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Third-year students at the Arkansas College of Osteopathic Medicine (ARCOM) were concerned when they could no longer continue their planned clinical rotations due to the global pandemic caused by COVID-19. However, with the addition of a new curriculum, these students will now have the ability to participate with patients through telemedicine.

Dr. John Sealey, D.O., associate dean of Clinical Medicine at ARCOM explained, “Telemedicine allows patients and healthcare providers to communicate via video or phone for medical care. Technology plays a huge role in effective telemedicine and fortunately ARCOM’s state-of-the-art infrastructure was already in place.

“We simply added the Webex application for faculty and student use. Now, our medical students are able to log on with a resident and a physician to meet with a patient on a network that ensures patient confidentiality.”

This integration of telemedicine into the medical curriculum is a program Sealey started at his previous institution in Detroit. Dr. Ernie Yoder took Sealey’s place when Sealey relocated to Fort Smith in October of 2019. Yoder is the practicing internal medicine physician that will serve as the preceptor for ARCOM students during the telemedicine experience.

To begin the telemedicine process, ARCOM students will participate in a three-week training program. Sealey explained, “The first week, students will observe the preceptor and resident meeting with their patient. Following the appointment, the preceptor will discuss the patient’s condition and treatment plan with the students. As they progress through the training, the students will have the opportunity to take a patient history and ask questions.”

Was telemedicine in the plan to train ARCOM students? According, to Dr. Rance McClain, D.O., dean of ARCOM, “Yes, it is our duty to monitor not only where the progression of medicine is currently, but also where it is likely to go and to prepare our students accordingly. We have known for several years that telemedicine would grow but were unsure how quickly this would take place or what events would spur its growth.”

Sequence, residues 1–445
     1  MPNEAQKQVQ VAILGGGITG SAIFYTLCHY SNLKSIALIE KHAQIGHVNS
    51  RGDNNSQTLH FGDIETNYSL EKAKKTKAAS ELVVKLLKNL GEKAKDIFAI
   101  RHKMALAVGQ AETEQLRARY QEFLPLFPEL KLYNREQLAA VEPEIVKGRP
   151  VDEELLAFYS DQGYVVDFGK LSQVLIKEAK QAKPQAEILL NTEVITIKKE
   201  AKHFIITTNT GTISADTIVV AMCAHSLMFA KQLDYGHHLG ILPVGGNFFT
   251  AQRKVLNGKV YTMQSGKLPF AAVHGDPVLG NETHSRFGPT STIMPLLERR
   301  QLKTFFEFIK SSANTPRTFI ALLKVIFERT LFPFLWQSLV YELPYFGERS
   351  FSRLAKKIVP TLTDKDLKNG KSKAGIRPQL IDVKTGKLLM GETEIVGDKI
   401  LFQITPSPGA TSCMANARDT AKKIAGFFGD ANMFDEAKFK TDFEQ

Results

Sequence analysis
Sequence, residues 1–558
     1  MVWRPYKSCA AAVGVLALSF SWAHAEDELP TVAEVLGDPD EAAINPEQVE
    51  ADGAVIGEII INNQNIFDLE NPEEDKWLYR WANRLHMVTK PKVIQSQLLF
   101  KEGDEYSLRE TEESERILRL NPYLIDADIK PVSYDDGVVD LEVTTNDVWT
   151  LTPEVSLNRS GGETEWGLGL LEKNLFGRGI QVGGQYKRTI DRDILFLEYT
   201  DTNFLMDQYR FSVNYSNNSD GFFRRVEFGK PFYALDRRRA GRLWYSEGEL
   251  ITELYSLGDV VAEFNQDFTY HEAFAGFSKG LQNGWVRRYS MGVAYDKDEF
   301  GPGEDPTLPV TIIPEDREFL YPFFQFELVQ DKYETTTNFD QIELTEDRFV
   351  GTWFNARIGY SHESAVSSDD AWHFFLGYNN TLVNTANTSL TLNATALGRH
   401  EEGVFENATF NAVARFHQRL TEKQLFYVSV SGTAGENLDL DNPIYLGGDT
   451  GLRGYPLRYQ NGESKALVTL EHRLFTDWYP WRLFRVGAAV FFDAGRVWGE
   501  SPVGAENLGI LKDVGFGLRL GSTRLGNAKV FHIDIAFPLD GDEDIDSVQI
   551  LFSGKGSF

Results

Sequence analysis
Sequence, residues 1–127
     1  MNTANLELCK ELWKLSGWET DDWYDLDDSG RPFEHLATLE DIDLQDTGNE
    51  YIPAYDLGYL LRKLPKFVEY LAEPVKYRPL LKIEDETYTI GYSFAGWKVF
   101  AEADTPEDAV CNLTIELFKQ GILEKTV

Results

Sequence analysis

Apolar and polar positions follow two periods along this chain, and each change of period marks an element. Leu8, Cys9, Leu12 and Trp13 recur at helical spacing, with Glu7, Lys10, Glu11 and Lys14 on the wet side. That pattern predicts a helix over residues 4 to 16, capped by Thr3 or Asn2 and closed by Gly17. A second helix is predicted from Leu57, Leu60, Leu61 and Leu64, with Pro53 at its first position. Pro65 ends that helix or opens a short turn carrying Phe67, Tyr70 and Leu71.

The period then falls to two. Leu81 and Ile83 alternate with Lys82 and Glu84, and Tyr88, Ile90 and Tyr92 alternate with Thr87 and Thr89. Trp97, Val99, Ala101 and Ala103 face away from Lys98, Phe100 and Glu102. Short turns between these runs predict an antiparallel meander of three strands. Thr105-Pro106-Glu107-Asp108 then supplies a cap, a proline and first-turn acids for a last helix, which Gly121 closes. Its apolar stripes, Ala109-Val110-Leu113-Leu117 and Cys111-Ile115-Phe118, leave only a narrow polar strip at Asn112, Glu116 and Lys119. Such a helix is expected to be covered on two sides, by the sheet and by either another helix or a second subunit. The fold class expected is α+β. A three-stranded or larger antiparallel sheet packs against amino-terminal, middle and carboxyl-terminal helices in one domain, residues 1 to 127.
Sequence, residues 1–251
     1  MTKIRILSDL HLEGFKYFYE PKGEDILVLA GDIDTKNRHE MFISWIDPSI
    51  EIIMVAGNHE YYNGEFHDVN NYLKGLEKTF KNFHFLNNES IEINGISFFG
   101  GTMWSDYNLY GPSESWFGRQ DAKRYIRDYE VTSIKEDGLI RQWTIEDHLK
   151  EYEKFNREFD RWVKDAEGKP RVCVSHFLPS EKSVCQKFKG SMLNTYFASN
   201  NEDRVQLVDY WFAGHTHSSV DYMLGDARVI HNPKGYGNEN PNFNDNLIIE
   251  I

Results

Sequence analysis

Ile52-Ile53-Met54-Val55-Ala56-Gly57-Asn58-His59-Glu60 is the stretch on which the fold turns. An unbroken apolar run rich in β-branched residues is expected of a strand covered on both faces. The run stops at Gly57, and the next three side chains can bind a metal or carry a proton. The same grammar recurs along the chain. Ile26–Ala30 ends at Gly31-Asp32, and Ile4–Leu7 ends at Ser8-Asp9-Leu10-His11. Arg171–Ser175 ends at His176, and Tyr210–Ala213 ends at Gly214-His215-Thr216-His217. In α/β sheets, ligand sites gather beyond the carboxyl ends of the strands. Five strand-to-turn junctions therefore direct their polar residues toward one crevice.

“Though we were already looking at ways to incorporate telemedicine into our curriculum, the COVID-19 pandemic pushed us and other medical schools to stay in front of the changes needed to ensure a well-rounded education for our students. Faculty is key for all medical education, and ARCOM had the faculty in place to begin the new curriculum; however, it has been an opportunity for new collaborations. McClain stated, “We have been able to work with some organizations and physicians that were previously not associated with ARCOM and we are excited to build these new partnerships.”

As with anything new, there are always pros and cons. Sealey expanded on both the advantages and disadvantages of telemedicine.

“Telemedicine increases access to medical care, which is a huge benefit to rural areas. There is no travel required, so the patient is more likely to visit with their doctor virtually. It can also increase the quality of care provided in certain medical and mental health conditions. This means fewer hospital visits, fewer readmissions to the hospital, easier follow-up care, and an overall decrease in medical expenses. Telemedicine can also enhance the face-to-face interaction between patient and physician by allowing patients to be interviewed prior to their in-office visit. During this pandemic, it has allowed patients to be interviewed without putting healthcare providers at additional risk. As for disadvantages, you are more dependent on technology, and it is more difficult to get a good picture of the mood or attitude of the patient.”

Student response to this new program has been very positive. According to McClain, “It was hard on the students to be taken off of their clinical learning experiences into a different type of education process in March when the COVID-19 pandemic evolved enough to necessitate the move, which was a result of hospitals throughout the country not having adequate protection for both the physician and the students. The students missed the patient interaction. When we began incorporating telemedicine, the students were so happy to be able to participate in real patient care again. It was a true light at the end of the tunnel to let them know we would be back to education as it was before, but with some new, interesting additions such as telemedicine.”

ARCOM third-year medical student, Kali Blanc, was relieved when she heard that telemedicine would be added to her curriculum. “I think telemedicine could change medicine for the rest of my career and not just during COVID-19. People that live hundreds of miles from a physician or patients that don’t have access to a car will have the opportunity to see a physicin.”

While ARCOM faculty agree that nothing will ever replace the face-to-face interaction between patient and physician, telemedicine offers an alternative during unprecedented times like the current COVID-19 situation. McClain summarized, “We want our students to be prepared to handle any situation, including a pandemic. Now they are armed with one more tool in their medical bag – telemedicine.”